Living in Southern California means sunny skies, warm temperatures, and lots of open
space. Such a climate also means living with rattlesnakes. While the idea of being
anywhere near a snake strikes fear in many people, it is possible to co-exist. The
more you know about snakes, the better prepared you will be for any potential encounters.
All sorts of wildlife emerge in the spring, and March and April mark the start of rattlesnake season in San Diego County. Recent reports have described increased rattlesnake sightings in San Marcos. As the reptiles come out of hibernation, it’s not uncommon to spot them locally, though bites are rare. Most sightings happen between Spring and Fall.
The best thing to do is leave it alone! Do not attempt to touch it or pick it up. Look around the area to make sure there are no other snakes and calmly walk away. If you are in an open or wilderness area, let the snake be. That is its home. If the snake is on campus, or when in doubt, you can call the University Police Department (911 or (760) 750-4567) to come and remove the snake for you.
Hands, feet, and ankles are the most common sites for rattlesnake bites. Using some common sense rules can prevent most snake bites.
• Never go barefooted or wear sandals when walking in rough or unpaved terrain.
• Always stay on paths. Avoid tall grass, weeds and heavy underbrush where there may be snakes.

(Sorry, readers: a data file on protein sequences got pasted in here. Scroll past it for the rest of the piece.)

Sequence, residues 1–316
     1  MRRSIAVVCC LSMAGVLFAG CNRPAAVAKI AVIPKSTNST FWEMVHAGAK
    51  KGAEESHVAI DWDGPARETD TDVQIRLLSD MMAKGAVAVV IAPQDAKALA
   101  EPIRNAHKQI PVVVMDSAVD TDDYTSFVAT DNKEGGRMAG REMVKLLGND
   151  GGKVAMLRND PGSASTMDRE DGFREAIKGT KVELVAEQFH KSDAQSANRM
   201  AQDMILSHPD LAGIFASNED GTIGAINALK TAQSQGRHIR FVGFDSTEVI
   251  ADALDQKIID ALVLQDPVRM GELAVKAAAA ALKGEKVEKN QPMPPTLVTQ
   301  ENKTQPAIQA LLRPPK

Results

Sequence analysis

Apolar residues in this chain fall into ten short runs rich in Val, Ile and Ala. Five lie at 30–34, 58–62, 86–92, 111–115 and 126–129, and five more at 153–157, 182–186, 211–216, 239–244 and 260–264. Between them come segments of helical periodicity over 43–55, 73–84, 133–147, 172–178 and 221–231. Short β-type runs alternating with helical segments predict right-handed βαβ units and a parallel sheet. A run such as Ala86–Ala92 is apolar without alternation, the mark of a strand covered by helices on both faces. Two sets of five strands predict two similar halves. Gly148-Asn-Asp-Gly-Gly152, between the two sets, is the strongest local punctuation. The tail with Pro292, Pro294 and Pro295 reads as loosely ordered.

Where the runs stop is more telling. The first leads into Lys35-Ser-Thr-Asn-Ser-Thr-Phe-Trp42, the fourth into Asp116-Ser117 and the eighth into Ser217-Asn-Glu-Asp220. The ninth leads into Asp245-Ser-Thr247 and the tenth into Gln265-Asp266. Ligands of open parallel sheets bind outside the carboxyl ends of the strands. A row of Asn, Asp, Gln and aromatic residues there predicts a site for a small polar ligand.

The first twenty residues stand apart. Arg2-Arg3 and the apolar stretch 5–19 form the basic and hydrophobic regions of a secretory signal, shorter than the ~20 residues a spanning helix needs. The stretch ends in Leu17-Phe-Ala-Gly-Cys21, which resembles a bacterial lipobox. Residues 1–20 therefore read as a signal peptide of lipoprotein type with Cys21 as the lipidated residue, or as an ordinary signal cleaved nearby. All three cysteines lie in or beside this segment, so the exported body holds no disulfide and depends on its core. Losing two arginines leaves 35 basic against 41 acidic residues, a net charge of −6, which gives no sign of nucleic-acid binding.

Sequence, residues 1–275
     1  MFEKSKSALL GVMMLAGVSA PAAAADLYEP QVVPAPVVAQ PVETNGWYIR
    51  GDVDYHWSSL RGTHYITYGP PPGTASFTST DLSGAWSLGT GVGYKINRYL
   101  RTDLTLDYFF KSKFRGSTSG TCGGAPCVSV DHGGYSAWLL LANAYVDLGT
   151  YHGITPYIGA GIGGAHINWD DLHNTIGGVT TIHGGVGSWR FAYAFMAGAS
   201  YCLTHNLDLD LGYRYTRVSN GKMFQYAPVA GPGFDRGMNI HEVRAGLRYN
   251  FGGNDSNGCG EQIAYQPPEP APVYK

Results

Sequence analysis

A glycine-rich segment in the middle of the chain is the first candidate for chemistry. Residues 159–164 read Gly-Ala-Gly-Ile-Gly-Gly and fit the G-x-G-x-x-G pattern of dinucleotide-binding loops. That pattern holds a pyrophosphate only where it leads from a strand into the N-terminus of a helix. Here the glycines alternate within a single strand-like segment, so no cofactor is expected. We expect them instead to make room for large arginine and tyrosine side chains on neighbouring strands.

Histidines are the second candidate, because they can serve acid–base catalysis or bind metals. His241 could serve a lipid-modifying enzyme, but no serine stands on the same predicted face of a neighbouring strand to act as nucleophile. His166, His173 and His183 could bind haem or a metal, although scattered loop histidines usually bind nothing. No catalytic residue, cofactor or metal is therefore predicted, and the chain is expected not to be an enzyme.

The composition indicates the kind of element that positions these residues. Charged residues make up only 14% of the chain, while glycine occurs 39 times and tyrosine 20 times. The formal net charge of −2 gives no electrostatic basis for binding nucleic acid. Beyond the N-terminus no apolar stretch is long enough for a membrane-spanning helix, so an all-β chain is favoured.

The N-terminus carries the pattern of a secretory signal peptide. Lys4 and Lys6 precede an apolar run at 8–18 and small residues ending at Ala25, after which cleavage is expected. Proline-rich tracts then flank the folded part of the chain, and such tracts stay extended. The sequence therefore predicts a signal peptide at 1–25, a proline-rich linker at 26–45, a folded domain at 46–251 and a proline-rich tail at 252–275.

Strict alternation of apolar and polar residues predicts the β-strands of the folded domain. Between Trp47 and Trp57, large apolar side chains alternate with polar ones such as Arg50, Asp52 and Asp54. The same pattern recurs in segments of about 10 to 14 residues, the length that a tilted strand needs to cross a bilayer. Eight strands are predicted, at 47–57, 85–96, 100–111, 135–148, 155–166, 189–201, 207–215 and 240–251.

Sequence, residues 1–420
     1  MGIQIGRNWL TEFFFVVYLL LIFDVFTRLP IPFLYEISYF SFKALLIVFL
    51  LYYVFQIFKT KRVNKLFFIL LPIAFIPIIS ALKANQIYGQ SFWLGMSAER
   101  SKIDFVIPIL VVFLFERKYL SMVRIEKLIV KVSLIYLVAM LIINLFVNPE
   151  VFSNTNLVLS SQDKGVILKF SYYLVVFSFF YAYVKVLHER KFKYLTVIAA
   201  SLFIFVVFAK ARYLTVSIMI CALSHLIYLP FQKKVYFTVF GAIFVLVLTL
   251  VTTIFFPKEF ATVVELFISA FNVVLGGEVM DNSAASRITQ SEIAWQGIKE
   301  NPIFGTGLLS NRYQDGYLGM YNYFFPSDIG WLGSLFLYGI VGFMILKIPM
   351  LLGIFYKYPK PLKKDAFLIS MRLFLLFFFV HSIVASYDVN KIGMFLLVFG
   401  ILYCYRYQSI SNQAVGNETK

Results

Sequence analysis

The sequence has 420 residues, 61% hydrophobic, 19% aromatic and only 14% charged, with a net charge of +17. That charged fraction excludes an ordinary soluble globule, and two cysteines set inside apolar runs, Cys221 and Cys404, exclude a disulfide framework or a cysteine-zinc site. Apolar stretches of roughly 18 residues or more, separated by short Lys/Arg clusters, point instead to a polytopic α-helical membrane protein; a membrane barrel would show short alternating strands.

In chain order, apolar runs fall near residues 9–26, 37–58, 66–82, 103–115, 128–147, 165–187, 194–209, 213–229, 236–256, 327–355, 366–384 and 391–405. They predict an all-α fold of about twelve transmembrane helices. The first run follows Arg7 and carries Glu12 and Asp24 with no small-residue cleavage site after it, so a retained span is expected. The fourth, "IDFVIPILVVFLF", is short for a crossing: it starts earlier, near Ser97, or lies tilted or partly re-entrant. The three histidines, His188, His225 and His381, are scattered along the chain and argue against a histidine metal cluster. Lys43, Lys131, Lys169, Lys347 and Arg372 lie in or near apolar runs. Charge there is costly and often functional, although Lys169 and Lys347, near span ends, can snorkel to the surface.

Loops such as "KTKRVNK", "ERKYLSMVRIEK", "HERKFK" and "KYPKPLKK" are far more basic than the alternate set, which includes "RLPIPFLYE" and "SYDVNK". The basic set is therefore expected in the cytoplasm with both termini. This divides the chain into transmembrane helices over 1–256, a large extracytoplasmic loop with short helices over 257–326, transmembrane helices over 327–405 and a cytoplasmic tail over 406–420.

• Always check carefully around stumps or logs before sitting.
• When climbing, always look before putting your hands in a new location. Snakes can climb walls, trees and rocks and are frequently found at high altitudes.
• Be careful when stepping over doorsteps as snakes like to crawl along the edge of buildings where they are protected on one side.
• Respect snakes and leave them alone. Curious people who pick up snakes are frequently bitten.
• Always give snakes the right of way!
For more information about rattlesnakes in California, visit wildlife.gov.
Nationwide, there are over 800 cases of rattlesnake bites reported annually to the American Association of Poison Control Centers. Of these reported bites, only one to two cases per year result in death of the patient. Although complications such as possible blood clotting problems, allergic reactions to treatment, infection and shock may develop, the majority of rattlesnake bites are successfully treated with as little as two to three days of hospitalization.
Information provided by the City of San Marcos, Rancho Santa Fe Fire Protection District, California Poison Control System, and San Diego Zoo websites.